Balancing the long and short-term knowledge requirements of a project-based organization--determining the knowledge of contribution required for a project
Knowledge management has become one of the newest buzzwords in organizations. Everyone knows that growing knowledge is a way to ensure organizational success. Especially in Knowledge Intensive Technological Organizations (KITOs) the need exists to ensure that the knowledge that is generated by projects is not lost when individuals leave the organization or move on to other areas. This presents a whole new challenge for the project manager of the 21st century.
Most project managers are expected to maximize the profit on any given project. This can often come at the expense of capturing, sharing, and transferring knowledge, as making all the tacit knowledge generated on a project explicit can be expensive and thus erode the project profit.
The big problem facing any project manager is to determine which knowledge developed by the project should be explicitly captured and which knowledge can remain tacit. It is usually not cost effective, necessary, and time efficient to explicitly capture all knowledge generated on a project. Project managers need a tool to help them determine what project knowledge should remain tacit and what knowledge needs to be explicit.
Project managers have to perform a delicate balancing act to ensure that the percentage knowledge applied on the project compared to the percentage knowledge grown on a project are in balance. Projects rely on the knowledge base created by past projects and must contribute to the knowledge base for future projects.
The CSIR is a South African organization that was created to do scientific and industrial research. At Defencetek we focus on military research. As such we are a KITO, which is an organization that embraces Strategic Management of Innovation as a core business process, applying 4th generation R&D principles to the manner in which research and development is conducted.
Characteristics of a knowledge organization include:
• Strategic management of relationships, knowledge workers, and diversity
• Culture of collaboration, team-based, sharing, and collaboration
• Process orientation, management of world-class differentiating competences
• Efficient, effective, dynamic, flexible, and focused
• Encouragement of entrepreneurial behavior
• Empowerment of knowledge workers who have strong commitment, loyalty, and ownership
• Decentralized decision-making at an operations level, with clear strategic direction and leadership for the whole organization. The problem of knowledge management is however faced in most project-based organizations. This paper presents a tool developed at the CSIR to help project managers maximize organizational knowledge while meeting the other objectives of the organization at the same time.
Developing a Project Knowledge Management Plan
The knowledge management plan must be drawn up with the project team. Apart from the benefits gained for the management of knowledge this also helps to clarify the project in the minds of the team members.
The development of the knowledge management plan should be started as soon as project planning starts. The first few steps in the process of developing the knowledge management plan, help the project team to understand the value that the project will add to the client, and the knowledge that is to be generated by the project. We have found it helpful to go through these first steps before completing the project Work Breakdown Structure (WBS) as determining the value outputs and the knowledge elements help the team to focus.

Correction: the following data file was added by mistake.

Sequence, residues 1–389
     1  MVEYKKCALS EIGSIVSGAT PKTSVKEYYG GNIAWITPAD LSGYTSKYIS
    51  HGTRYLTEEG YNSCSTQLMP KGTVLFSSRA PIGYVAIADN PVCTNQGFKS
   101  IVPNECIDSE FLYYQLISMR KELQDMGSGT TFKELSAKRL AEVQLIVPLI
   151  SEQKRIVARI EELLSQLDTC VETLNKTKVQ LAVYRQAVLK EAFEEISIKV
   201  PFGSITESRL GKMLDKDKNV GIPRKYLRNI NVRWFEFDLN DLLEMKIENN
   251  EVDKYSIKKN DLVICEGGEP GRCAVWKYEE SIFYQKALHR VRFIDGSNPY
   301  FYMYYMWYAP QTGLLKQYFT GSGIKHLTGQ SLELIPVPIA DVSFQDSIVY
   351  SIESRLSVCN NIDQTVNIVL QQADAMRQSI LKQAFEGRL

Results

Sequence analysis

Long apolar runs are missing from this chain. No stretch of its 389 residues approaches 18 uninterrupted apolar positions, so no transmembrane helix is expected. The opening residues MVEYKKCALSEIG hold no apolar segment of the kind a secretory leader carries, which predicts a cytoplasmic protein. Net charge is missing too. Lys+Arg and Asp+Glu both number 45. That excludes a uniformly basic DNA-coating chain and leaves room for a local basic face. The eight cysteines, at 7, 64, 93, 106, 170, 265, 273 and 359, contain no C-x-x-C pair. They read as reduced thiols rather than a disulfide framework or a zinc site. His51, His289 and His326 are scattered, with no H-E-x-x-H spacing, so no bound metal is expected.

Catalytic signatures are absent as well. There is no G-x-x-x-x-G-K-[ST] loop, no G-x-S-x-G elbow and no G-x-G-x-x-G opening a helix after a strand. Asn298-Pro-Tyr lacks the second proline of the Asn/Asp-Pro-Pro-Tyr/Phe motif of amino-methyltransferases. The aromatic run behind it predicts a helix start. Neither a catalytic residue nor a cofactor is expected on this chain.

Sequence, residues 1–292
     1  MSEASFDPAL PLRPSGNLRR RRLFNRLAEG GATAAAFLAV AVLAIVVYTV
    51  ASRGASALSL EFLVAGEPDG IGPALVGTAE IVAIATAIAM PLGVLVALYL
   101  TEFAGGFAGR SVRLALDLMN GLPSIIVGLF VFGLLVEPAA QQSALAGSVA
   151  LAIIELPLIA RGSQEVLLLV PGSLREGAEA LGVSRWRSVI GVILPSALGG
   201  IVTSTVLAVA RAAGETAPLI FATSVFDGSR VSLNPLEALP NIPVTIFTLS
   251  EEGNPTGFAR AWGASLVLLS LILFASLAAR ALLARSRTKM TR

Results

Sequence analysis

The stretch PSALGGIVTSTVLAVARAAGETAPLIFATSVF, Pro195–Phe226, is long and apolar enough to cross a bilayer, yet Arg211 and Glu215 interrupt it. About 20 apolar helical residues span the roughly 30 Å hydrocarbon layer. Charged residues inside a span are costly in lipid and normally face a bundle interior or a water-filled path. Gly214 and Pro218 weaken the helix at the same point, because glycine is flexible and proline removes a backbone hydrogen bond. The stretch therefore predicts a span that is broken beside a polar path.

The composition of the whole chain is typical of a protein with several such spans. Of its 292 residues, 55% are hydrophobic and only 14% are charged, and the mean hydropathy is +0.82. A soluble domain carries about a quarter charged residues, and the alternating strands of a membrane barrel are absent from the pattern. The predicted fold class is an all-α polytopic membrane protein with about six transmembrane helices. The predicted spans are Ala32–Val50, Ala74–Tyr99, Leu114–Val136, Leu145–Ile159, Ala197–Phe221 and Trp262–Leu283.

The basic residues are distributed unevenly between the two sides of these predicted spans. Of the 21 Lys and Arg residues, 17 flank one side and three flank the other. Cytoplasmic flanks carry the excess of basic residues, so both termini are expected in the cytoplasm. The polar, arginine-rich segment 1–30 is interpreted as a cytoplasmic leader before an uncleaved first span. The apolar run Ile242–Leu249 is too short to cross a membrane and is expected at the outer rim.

Exhibit 1. Example Knowledge Management Plan
A subset of the knowledge management plan developed for the SAR project at Defencetek is shown in Exhibit 1 as an example. The knowledge management plan consists of three columns. The left column addresses application of the existing knowledge base, the middle column deals with the project goal and activities, and the right column addresses elements pertaining to growing the knowledge base.
The process for drawing up a knowledge management plan is shown in Exhibit 2. The process might look daunting but a lot of the elements consist of actions that are taken during the normal project management process.
Determine Project Goal
Determine the goal of the project and formulate the goal in one brief sentence. This goal is a very important mechanism to communicate the project vision to the project team.
Determine Project Beneficiaries and Rate
The project beneficiaries are a subset of the project stakeholders. Stakeholders include all parties that will be influenced by the project. Beneficiaries however define that subset of the stakeholders that will directly benefit from the project deliverables. These are the parties for whom the knowledge will be applied and to whom value will be added.
Beneficiaries include not only current clients but also future clients. The list of beneficiaries normally also does not include the performing organization as it is assumed that the value added to the performing organization will be the knowledge gained.
The beneficiaries are then given a score between 1 and 5, where 5 signifies the highest importance, according to how important it is to satisfy their needs with the project deliverables.
Determine Project Objectives
The next step is to determine the high-level project objectives. One can also skip this step and try and determine the knowledge elements and value outputs directly, but we have found that it is more intuitive for project teams to first determine the project objectives and then derive the value outputs and knowledge elements from there.
It is important to keep the objectives at a relatively high level.
Determine Knowledge and Value Added Per Objective
In order to further clarify the objectives, list the reasons why the objective is important. Then decide what the knowledge elements and value output for each objective is.
Value outputs are the value that the application of the knowledge base by the project will add to the beneficiaries.
The knowledge elements to be defined are those knowledge elements that are needed in order to successfully complete the project.
During this process, objectives that were not previously thought of might be identified. It will then be necessary to update the previously compiled list of objectives.
An example of how to determine the value outputs and knowledge elements from objectives is shown in Exhibit 3.
Draw Structure of Knowledge Base to Determine Missing Elements
Once all the knowledge elements have been identified, it is useful to draw a diagram to illustrate the interactions between the different knowledge elements. This gives the project team a clearer picture of the knowledge elements required and helps to identify any elements that might be missing. An example is shown in Exhibit 4.